The VP4 sequence of 15 out of 19 GARV samples was obtained while the sequence of four samples was not exploitable for further analyses. Sequence analysis allowed characterization of the majority of the strains as P, P, P, P/P and P. However, two strains, 48/07/Ire and 61/07/Ire, were distantly related to representative rotavirus strains of established P genotypes (Fig. 1). Based on the VP8* fragment (about 880 bp), strain 48/07/Ire and 61/07/Ire displayed > 98% nucleotide identity to each other, therefore, the sequence of the full-length VP4 gene of one such strain, 61/07/Ire, was determined. The basic structure of the VP4 gene of the Irish strain was very similar to those of other rotavirus strains, in that it consisted of 2 362 bp with one open reading frame (ORF) beginning at nucleotide 10, and a single TAA stop codon at nucleotide 2 238. The predicted size of the porcine VP4 protein was 776 aa, similar to those of most rotavirus strains, which are 775 or 776 aa in length . The deduced aa sequence of the VP4 of the PoRV strains 61/07/Ire was compared with those of representative rotavirus strains of the majority of the P genotypes. The conserved prolines and cysteines, and the potential trypsin-cleavage sites  were maintained in the VP4 of the Irish strain (data not shown). The additional cleavage sites identified in the VP5*, Lys-259, and putatively, Arg-467 , were also conserved (data not shown). The aa sequence of the full-length VP4 protein of PoRV strain 61/07/Ire showed aa identity values, ranging from 57.1% to 83.6% when compared to those of strains representatives of all P genotypes (Tab. I). Likewise, the aa sequence of the VP8* of 61/07/Ire shared low aa identity (36.9-75.3%), with the homologous sequences of representative strains of other P genotypes (Tab. I). Sequence comparison based on the nucleotide alignment of representative of the various P genotypes (Tab. I), and analysis by BLAST also revealed that in the 4th dsRNA segment strain 61/07/Ire shared < 76.5% nt identity with all the GARV strains identified thus far. This value is below the cutoff value proposed by Matthijnssens et al.  for the VP4 gene (80%).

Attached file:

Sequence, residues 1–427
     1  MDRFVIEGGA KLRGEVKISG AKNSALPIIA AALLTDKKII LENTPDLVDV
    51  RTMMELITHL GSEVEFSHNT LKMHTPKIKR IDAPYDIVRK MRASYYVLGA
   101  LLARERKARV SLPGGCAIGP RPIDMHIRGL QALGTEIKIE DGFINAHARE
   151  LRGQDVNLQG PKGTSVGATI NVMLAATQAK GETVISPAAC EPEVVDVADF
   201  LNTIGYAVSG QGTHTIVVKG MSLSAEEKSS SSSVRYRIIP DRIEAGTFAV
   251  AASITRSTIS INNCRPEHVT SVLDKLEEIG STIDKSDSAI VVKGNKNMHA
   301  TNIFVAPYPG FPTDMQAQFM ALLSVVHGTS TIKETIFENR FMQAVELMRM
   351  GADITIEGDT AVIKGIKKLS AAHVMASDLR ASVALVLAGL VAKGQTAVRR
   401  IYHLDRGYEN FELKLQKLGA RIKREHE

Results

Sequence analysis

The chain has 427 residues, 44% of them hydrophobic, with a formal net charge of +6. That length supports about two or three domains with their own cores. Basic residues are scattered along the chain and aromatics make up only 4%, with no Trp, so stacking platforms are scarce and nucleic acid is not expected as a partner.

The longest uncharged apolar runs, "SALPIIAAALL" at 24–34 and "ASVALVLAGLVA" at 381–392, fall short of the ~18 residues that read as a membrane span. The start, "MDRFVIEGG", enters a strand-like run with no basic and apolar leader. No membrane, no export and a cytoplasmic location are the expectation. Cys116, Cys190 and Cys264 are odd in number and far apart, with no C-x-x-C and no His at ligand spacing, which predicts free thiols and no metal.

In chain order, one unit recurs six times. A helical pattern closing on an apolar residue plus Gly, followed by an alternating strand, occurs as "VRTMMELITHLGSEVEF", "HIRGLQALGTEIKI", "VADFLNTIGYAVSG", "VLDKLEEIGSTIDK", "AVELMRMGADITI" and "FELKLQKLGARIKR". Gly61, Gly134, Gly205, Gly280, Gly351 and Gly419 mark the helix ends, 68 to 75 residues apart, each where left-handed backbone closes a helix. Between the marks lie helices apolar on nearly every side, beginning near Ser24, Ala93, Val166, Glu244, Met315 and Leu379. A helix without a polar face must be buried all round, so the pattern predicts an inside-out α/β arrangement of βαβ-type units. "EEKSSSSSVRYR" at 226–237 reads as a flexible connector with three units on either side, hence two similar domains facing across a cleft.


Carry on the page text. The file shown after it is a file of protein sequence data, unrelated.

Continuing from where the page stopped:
By PCR genotyping using several pools of G-type specific primers [13, 18, 20, 66], strains 48/07/Ire and 61/07/Ire remained uncharacterized. Sequence analysis of the VP7 gene allowed the characterization of such untypeable GARV, 48/07/Ire and 61/07/Ire, as G2-like strains. A phylogenetic tree was constructed with a selection of human and porcine G2 strains. Two major lineages were observed, with one including the human G2 strains, and the other lineage consisting exclusively of porcine G2-like strains (Fig. 2).